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There are several different types of holiday cottage insurance, and the selection of a policy depends on a number of factors and the jurisdiction in which the cottage stands. Owners of a vacation or holiday home may be able to add their cottage to their current homeowner's policy, while others may need or choose to procure a separate policy for their vacation home. Some insurers offer special types of holiday cottage insurance that address the particular needs and liabilities of a vacation cabin or cottage while also keeping a policy holder's costs down. Finally, those who rent a vacation home may be covered by their own homeowner's policy while residing in their rental accommodation or may need the additional protection of traveler's insurance.
For many people who own a second home that is used primarily for vacations, a separate holiday cottage insurance policy may not be needed. Instead, the owners may be able to add their second home to their primary homeowner's insurance policy. Typically, the insurance coverage will include both damage to the vacation home as well as liability protection in case a guest injures himself or herself while on the property. In some cases, however, owners may wish to procure a separate, specialized policy. This may be because the cottage does not qualify for standard insurance protection because of its construction or where it is located.
The specialized holiday cottage insurance policies typically offer damage protection that is a bit more limited and specific than standard homeowner's policies. For example, holiday cottage insurance may restrict coverage to certain events, such as a fire, but will not cover sewer backup or damage to outside areas. As many owners of vacation homes regularly lend or rent out their properties to others, there will also be special considerations given to liability when issuing a holiday cottage insurance policy. Cottage owners should speak to their insurance professional about plans to rent out or exchange their vacation home with other people. This is particularly important if the owner has previously not rented out his or her property and already has insurance, as the decision to rent the property may affect current insurance coverage.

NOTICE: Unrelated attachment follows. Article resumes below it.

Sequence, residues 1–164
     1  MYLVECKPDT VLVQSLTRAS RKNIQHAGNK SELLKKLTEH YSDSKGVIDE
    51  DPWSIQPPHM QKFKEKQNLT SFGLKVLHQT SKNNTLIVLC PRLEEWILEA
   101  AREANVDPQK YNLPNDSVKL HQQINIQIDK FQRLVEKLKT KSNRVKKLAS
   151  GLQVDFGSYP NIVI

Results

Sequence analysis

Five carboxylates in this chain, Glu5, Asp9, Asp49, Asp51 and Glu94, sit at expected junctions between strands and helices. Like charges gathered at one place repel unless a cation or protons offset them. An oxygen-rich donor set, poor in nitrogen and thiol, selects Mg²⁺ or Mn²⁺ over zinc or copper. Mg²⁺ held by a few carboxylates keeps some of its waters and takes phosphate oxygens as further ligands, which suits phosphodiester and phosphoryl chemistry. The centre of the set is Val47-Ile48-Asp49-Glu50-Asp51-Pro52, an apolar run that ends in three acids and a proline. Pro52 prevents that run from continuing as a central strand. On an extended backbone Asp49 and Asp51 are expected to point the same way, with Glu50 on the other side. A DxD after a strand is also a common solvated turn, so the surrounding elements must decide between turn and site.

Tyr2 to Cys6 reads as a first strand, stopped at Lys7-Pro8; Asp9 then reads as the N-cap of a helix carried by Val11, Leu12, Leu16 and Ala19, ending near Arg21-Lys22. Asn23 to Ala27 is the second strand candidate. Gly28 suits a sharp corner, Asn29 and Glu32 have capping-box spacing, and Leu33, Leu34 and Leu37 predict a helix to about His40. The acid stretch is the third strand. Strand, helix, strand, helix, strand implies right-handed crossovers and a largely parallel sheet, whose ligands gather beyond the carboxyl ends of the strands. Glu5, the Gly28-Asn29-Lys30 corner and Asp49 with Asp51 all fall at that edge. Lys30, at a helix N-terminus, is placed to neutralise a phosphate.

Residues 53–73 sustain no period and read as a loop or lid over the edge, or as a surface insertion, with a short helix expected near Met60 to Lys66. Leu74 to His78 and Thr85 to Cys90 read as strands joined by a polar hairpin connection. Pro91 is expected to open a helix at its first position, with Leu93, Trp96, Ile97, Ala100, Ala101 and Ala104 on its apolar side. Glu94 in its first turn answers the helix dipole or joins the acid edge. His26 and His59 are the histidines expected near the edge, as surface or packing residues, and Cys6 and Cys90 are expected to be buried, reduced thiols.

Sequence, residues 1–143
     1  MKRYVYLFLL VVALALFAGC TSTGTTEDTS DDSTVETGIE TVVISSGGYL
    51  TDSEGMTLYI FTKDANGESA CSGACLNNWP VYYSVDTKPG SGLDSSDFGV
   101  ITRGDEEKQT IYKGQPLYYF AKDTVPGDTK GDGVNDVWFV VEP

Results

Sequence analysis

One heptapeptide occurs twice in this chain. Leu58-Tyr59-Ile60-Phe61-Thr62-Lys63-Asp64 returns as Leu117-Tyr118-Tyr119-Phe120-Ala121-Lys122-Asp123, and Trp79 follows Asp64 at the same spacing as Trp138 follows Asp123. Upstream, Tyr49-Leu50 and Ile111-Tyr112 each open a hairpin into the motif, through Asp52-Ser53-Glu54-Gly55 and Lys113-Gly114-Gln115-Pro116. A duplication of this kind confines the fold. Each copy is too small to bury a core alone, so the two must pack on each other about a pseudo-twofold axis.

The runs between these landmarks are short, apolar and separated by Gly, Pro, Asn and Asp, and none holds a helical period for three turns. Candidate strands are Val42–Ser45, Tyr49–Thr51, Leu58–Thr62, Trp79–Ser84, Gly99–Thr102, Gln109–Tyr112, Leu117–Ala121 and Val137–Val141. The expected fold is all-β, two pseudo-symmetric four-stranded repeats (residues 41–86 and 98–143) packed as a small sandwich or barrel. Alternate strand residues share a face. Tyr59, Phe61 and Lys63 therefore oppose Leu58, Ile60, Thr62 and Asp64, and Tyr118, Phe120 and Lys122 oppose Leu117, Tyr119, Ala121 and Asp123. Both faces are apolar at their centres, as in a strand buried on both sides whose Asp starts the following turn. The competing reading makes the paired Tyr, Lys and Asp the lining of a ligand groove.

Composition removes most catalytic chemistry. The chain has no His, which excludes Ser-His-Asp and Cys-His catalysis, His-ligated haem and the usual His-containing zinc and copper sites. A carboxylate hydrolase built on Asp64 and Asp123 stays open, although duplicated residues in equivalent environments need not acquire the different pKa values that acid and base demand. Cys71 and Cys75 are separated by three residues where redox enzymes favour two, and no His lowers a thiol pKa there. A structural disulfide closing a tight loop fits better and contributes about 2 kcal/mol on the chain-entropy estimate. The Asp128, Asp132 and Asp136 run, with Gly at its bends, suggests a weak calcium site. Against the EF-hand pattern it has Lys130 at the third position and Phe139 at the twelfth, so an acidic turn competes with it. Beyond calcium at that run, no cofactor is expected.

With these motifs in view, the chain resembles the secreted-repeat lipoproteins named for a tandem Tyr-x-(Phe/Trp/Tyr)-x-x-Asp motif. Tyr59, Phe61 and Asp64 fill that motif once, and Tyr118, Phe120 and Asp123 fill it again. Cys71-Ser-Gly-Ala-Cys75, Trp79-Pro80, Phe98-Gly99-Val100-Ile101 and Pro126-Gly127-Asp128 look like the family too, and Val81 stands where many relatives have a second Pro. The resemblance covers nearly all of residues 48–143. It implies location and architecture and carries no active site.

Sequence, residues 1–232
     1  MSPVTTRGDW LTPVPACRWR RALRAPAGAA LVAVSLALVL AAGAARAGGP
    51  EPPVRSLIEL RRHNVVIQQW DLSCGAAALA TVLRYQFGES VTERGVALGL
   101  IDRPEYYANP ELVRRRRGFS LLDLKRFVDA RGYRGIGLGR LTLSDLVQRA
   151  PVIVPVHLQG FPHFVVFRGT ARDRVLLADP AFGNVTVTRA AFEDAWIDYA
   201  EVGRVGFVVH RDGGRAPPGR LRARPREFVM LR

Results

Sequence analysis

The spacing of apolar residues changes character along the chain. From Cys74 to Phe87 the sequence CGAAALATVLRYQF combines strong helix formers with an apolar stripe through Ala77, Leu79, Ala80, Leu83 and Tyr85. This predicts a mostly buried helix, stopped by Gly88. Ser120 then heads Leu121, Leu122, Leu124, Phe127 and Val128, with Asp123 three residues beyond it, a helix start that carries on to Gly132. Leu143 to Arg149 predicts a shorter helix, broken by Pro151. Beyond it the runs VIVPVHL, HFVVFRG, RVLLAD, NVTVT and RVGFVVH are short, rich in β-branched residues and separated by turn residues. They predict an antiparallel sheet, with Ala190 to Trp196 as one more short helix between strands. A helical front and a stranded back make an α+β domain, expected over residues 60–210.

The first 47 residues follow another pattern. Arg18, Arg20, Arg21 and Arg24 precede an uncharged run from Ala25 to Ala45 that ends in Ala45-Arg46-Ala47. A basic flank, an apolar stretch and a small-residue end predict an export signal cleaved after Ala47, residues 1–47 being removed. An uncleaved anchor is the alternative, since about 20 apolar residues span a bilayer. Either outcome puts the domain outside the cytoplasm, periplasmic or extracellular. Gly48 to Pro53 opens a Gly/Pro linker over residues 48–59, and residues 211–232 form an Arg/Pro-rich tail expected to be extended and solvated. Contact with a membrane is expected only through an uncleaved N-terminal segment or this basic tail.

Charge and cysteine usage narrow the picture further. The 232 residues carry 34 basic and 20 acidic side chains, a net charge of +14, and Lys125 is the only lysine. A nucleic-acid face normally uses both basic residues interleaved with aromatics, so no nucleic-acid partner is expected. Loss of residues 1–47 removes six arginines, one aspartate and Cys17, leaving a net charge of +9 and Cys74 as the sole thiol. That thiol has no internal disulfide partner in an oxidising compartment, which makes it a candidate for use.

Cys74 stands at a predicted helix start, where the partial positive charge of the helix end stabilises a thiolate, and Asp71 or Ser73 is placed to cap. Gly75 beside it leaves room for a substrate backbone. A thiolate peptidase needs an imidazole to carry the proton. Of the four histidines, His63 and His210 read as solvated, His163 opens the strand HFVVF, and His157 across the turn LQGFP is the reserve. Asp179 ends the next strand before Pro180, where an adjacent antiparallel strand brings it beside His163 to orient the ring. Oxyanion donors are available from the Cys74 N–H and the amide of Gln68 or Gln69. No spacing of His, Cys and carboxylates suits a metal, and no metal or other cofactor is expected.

Individuals who rent out a vacation home belonging to someone else should likewise check their own insurance coverage. Their own homeowner's insurance policy may cover inadvertent damage caused by themselves and their family members. Another option is to purchase traveler's insurance, which may cover expenses of unavoidable situations where a trip must be canceled at the last minute. Both types of policies are very different, so it may behoove a traveler to speak to an insurance professional before renting a vacation home.
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